- About Us
Coalition will advocate for school music programs
POULSBO — A coalition has formed to defend and advocate for music education in North Kitsap.
About 75 people attended a meeting April 30 to hear Carol Reitz of the Snoqualmie Valley School District Music Coalition discuss the purpose of the new North Kitsap Music Coalition.
There is “quite a bit” of support for music education in the North Kitsap School District, Reitz said. A coalition could help music education supporters in a “collaborative manner” to keep music programs running and even improve them.
The mission of a coalition is “to ensure equal access to music education for students,” according to information from Reitz.
Access to music programs in the North Kitsap School District is not equal, said Randy Borek, president of the North Kitsap Band Boosters.
Some program offerings at the middle and high school levels, he said, are not provided at all schools. Poulsbo Middle School, for example, has a band and choir; Kingston Middle School does not have a choir program.
The biggest issue Reitz heard regarding NKSD’s programs was budget shortfalls, she said. If administrators and school board members are looking at making cuts, she said the coalition can provide data to help decision makers.
NKSD faces an approximate $3 million deficit in its 2013-14 budget. The district has already announced about 11 teaching positions could be cut. Borek said he wants the school board to know the “potential impact” cutting music education could have.
For example, according to the Arts Education Partnership, music programs help students enhance their fine motor skills, foster a superior memory which improves recall of verbal information, is a boost to reading and math skills, and increases SAT scores.
The Washington Music Education Association is pushing those involved in music education in all school districts to start coalitions, Borek said. Borek initially contacted Reitz. When it comes to the work of a coalition, one of the biggest jobs is to provide administrators and school board members with as much information regarding music as possible, including how music education has benefitted people, he said.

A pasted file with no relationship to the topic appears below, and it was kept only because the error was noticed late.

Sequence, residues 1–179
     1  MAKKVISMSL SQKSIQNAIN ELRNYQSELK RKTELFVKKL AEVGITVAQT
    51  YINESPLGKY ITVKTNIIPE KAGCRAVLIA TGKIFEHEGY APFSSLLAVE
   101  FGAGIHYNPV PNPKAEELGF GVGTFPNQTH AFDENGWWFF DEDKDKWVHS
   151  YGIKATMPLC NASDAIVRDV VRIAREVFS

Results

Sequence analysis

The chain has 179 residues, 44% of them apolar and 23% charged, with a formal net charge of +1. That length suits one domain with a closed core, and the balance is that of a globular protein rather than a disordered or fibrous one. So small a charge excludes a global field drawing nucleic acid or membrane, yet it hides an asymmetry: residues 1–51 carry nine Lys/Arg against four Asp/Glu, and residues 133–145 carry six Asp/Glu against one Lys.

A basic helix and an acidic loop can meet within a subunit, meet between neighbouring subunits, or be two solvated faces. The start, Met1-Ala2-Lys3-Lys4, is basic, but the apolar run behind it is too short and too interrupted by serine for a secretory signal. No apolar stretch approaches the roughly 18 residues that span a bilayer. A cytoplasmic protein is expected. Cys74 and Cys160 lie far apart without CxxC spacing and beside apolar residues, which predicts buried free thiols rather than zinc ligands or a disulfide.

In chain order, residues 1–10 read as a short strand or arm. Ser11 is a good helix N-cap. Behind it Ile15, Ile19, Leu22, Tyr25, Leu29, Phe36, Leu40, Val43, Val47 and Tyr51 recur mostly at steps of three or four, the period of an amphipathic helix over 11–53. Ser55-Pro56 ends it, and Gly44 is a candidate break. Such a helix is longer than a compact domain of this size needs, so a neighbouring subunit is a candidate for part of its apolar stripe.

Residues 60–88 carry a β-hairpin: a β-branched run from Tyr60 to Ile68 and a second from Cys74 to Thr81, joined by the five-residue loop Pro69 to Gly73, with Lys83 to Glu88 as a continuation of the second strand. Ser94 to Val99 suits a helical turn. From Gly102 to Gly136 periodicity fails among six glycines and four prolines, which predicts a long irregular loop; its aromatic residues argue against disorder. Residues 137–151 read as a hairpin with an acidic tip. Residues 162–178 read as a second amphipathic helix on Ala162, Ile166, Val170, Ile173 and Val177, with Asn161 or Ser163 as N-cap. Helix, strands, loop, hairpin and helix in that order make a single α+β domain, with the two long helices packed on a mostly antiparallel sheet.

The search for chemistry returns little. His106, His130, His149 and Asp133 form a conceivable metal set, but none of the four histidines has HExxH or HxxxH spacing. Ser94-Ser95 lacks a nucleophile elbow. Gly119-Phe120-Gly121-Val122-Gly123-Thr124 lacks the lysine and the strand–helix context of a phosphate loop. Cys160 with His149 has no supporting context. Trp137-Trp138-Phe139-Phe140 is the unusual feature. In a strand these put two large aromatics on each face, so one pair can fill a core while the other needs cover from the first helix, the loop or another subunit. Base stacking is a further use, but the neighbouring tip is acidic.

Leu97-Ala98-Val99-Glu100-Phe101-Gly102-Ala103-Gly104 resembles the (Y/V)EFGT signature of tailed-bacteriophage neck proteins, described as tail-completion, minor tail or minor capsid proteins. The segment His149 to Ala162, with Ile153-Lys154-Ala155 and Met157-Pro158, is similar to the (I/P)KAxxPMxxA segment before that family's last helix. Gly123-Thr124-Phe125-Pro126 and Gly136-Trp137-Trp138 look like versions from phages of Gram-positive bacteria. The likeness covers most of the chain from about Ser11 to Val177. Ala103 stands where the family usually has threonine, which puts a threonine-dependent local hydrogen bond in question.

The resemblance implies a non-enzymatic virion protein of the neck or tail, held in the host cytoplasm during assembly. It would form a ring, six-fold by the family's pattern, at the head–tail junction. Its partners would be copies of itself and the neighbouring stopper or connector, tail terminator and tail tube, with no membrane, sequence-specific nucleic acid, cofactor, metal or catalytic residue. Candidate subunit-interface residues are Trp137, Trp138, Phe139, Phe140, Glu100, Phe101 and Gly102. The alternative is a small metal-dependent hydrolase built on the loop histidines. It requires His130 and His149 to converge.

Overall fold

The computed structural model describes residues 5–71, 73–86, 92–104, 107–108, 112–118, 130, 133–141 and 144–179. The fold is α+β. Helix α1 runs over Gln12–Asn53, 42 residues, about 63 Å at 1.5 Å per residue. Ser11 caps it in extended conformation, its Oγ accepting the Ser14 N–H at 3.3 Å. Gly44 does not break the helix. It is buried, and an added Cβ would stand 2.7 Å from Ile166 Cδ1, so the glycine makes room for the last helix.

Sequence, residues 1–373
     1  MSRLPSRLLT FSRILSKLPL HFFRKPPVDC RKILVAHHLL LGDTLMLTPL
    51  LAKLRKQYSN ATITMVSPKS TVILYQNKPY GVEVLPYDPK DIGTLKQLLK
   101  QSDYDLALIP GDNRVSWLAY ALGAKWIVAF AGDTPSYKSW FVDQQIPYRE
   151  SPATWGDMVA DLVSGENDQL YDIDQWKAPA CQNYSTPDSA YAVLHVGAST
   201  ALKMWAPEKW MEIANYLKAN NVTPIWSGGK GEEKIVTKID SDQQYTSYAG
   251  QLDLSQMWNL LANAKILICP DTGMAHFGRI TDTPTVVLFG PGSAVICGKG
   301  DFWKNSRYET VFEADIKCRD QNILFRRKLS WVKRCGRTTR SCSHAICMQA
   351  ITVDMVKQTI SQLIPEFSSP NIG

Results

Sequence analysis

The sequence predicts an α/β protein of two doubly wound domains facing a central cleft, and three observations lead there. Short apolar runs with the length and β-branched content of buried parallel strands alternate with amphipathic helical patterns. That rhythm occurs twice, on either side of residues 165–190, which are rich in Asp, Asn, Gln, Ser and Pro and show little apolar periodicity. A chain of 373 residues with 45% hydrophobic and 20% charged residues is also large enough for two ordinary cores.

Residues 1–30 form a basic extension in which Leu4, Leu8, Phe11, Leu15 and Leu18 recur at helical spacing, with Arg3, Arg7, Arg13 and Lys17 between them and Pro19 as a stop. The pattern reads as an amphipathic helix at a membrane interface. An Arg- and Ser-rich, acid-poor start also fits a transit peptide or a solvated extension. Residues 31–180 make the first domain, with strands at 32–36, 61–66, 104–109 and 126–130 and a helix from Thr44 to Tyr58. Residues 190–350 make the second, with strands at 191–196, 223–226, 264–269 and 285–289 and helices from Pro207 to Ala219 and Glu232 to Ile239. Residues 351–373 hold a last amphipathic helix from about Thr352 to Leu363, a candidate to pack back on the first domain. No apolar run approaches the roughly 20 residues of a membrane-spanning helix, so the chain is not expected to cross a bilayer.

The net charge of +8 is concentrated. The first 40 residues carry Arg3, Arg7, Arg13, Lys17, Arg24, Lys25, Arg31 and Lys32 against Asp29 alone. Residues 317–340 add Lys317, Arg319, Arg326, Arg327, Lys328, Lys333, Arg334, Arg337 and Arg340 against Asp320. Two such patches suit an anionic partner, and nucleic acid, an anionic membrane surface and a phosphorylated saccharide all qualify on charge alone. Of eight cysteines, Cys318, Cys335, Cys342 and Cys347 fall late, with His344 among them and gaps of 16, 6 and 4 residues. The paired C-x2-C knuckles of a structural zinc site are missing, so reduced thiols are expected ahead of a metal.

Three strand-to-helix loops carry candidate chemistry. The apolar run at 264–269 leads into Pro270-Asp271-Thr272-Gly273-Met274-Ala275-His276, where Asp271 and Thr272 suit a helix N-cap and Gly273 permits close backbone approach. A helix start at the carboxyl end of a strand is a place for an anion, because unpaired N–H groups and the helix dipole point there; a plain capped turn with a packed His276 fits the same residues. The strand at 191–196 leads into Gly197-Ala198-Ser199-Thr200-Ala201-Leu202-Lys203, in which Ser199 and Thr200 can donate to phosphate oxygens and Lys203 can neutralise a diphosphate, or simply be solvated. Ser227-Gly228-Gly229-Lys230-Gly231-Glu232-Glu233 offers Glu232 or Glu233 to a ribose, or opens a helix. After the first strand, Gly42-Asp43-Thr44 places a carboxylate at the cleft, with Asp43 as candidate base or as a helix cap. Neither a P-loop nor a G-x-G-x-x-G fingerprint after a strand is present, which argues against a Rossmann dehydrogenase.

“We want to make sure the community knows what the band and choir mean to people,” Borek said.
A coalition supports all music programs, kindergarten through 12th grade. This is different than a booster club, which fundraises for a specific program. A coalition is student-centered and parent-led, according to information presented by Reitz.
The Snoqualmie coalition began in February 2011 with one teacher and a parent, and since then has provided three annual reports, Reitz said. For now, the North Kitsap Music Coalition’s main job will be gathering data, including how many students are in each music program, each student’s GPA, graduation rates, etc. The coalition will put together a report for administration and the school board, Borek said.
The coalition is open to the public. Anyone interested can join, Borek said. Find out more by visiting the coalition’s Facebook page; search “North Kitsap Music Coalition.”